Shirley Jackson’s We Have Always Lived In The Castle is not a horror novel; so why does Merricat Blackwood haunt readers for long after we read the book? There are, of course, many possible answers, most of them totes legit, but I am here to discuss one specific reason: creepy teenagers are like catnip for many readers, especially those of us who felt…different when we ourselves were teens.
I’m looking today at creepy teenage girls in fiction that is not necessarily horror, and not necessarily YA, but focuses on the horrors of being a teenage girl.
Merricat only leaves her family home (the titular castle) to go into town for supplies for her agoraphobic sister Constance. The townsfolk hate the Blackwoods so much that even the children who were not yet born when all the other Blackwoods died throw stones at Merricat and sing chants about Constance killing her. Merricat has very little power, but she fully believes in the rituals she does to keep herself and Constance safe. When those rituals fail and everything goes wrong, Merricat lashes out and isolates herself and Constance even more.
Ines in Elisabeth Thomas’s Catherine House is even more passive than Merricat, but she is equally haunting. Like most teenage girls, Ines wants to belong. She wants to be part of something. But when she is offered exactly that, she does not know how to be part of Catherine House—and she suspects that it is not what it seems. Ines is an infuriatingly passive character, but no more so than Merricat. She is a girl whose place in the world is decided by everyone but herself, and what could be more relatable than that to anyone who’s ever been a teenager?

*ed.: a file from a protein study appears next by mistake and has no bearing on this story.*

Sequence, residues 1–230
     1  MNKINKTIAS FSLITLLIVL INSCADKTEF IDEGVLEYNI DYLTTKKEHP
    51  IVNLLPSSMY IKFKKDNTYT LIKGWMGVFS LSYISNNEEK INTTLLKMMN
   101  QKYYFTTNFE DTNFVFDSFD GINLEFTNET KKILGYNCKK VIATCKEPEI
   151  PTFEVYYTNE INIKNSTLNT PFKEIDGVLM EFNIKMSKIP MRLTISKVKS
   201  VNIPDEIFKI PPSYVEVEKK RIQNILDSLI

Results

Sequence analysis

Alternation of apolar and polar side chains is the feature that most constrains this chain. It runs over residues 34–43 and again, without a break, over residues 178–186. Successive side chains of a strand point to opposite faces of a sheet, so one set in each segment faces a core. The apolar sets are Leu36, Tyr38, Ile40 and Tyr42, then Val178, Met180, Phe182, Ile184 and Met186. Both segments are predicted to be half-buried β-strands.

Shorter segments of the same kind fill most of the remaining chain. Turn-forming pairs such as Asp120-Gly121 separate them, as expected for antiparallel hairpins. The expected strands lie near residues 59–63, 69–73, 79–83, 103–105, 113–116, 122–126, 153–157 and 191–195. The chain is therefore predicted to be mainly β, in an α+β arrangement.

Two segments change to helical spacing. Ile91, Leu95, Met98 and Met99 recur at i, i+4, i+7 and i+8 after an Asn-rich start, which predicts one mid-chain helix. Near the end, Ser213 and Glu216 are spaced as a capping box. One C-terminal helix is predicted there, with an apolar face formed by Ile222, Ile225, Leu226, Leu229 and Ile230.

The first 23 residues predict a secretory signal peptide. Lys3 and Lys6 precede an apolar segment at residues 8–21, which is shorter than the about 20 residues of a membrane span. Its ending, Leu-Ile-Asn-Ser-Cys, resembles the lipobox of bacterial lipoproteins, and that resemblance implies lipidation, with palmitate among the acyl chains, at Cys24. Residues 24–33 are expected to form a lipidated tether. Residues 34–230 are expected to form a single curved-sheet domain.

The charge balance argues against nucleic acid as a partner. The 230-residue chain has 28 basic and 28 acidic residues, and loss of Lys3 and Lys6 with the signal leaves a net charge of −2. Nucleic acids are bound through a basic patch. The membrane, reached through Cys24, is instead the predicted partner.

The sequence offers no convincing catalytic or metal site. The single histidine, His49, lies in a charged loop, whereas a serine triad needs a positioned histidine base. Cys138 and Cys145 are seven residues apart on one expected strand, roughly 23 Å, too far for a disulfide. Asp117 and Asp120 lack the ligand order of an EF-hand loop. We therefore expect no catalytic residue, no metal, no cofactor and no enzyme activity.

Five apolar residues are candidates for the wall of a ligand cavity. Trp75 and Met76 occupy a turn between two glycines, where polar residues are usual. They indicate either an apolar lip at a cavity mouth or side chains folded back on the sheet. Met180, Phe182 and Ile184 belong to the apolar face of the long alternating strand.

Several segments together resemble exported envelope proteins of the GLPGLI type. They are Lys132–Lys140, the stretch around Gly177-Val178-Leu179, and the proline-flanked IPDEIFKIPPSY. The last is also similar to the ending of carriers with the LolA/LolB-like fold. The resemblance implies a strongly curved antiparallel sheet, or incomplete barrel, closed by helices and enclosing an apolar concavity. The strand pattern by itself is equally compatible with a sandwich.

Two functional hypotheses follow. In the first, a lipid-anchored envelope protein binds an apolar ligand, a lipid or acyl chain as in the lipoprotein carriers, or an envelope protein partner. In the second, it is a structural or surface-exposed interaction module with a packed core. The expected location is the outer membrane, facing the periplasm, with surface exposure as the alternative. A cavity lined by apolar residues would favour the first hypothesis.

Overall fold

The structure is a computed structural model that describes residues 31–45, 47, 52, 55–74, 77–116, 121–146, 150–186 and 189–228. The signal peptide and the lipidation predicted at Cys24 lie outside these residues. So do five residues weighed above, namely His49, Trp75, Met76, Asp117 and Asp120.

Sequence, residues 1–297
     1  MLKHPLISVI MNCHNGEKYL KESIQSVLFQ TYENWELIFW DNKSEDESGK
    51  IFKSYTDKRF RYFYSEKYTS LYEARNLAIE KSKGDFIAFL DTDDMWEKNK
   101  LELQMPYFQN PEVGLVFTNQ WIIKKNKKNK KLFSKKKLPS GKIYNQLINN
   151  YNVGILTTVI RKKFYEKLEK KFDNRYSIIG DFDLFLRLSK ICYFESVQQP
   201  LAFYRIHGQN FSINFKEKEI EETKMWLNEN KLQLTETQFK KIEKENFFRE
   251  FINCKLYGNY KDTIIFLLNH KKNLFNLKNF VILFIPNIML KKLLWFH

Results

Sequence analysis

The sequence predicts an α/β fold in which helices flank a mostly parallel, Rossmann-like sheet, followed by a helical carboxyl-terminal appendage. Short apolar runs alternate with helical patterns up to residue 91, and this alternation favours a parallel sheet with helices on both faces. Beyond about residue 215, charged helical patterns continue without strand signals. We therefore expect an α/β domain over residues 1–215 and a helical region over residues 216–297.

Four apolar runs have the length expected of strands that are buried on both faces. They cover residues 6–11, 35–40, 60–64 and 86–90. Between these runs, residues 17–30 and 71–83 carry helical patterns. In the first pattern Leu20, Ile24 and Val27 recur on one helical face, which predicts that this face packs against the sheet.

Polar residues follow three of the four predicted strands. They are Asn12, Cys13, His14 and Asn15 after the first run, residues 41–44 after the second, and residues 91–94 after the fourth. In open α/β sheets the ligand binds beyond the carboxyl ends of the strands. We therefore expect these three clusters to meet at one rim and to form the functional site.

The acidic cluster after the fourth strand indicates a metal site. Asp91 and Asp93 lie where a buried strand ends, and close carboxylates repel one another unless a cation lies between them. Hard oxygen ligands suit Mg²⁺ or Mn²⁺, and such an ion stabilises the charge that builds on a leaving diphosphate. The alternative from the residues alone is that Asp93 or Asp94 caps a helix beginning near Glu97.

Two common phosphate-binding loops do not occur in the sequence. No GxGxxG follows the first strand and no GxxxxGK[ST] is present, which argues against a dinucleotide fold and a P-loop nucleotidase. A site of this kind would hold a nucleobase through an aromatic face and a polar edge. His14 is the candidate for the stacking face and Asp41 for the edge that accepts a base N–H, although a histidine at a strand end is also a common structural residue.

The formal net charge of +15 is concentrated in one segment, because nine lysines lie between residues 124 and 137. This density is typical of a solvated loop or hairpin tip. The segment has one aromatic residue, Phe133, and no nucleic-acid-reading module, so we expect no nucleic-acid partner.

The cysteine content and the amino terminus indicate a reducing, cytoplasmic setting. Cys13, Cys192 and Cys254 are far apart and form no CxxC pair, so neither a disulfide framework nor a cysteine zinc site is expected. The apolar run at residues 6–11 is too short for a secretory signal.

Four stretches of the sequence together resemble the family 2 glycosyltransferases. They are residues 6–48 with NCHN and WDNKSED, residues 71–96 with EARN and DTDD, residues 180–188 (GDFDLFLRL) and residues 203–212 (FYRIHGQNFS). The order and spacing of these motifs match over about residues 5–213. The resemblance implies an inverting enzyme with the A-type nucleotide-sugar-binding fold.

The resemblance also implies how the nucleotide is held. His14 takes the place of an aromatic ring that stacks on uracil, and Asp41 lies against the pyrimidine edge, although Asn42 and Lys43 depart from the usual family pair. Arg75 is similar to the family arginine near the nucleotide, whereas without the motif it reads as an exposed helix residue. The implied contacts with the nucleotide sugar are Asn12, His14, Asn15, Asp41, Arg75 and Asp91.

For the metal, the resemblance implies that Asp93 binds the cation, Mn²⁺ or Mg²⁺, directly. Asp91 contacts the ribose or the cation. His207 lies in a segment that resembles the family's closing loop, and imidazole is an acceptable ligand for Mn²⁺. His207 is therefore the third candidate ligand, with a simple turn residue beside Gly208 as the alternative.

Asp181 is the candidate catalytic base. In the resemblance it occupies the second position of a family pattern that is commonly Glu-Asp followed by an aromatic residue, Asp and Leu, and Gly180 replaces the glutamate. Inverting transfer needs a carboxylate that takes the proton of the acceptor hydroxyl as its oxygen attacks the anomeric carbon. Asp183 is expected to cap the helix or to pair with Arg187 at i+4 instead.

Straying further from “proper” horror, I come to James Juniper from The Once and Future Witches by Alix E. Harrow. Our Juniper is 17, disabled, abused and abandoned, a witch, and angry. Authority figures of every variety instinctively hate Juniper, because an angry witch—and angry girl—is dangerous. It seems like everyone wants to control Juniper; even her older sisters, who love her fiercely, do not fully understand her or approve of her violent and dangerous methods.
Laura Ruby’s Thirteen Doorways, Wolves Behind Them All deals with the horrors of poverty, but is not a horror novel despite being narrated by a ghost. It’s World War II and Frankie and her sister Toni live in a Chicago orphanage because their father can’t afford—or doesn’t want—to care for them. Pearl, who died during the previous World War and deadly influenza pandemic, observes Frankie’s life and slowly remembers her own. Ruby has said of this book that “it is…a story about girls. Girls with ambitions, brains, desires, talents, hungers. It is a story about how the world likes to punish girls for their appetites, and even for their love.” If that’s not a summary of what it is to be a teenage girl in the world, I don’t know what is.
In The Impossible Girl by Lydia Kang, Cora hides her true identity because she knows her body, with its impossible dual hearts, is more interesting to science if she is dead. But if she weren’t a medical anomaly, Cora would still be a girl in a time when it was even worse to be a girl, would still have been born out of wedlock and raised by someone she isn’t even related to. She would still be a cross-dressing grave robber. So is the monstrosity of having two hearts really what keeps Cora having no place in the world?
There are many other creepy teenagers from many other novels I could have included here. Looking at what makes a girl or woman a monster, or what humanizes a monster, is a wholeass genre unto itself. Wicked Fox, Wilder Girls, and so many others address this topic further. Many other books about teenage girls are not at all about monsters, but address the world’s fear of teenagers in their own ways—Binti, The Good Luck Girls, This Savage Song, Sawkill Girls, Undead Girl Gang, Labyrinth Lost, When We Were Magic, and countless others.
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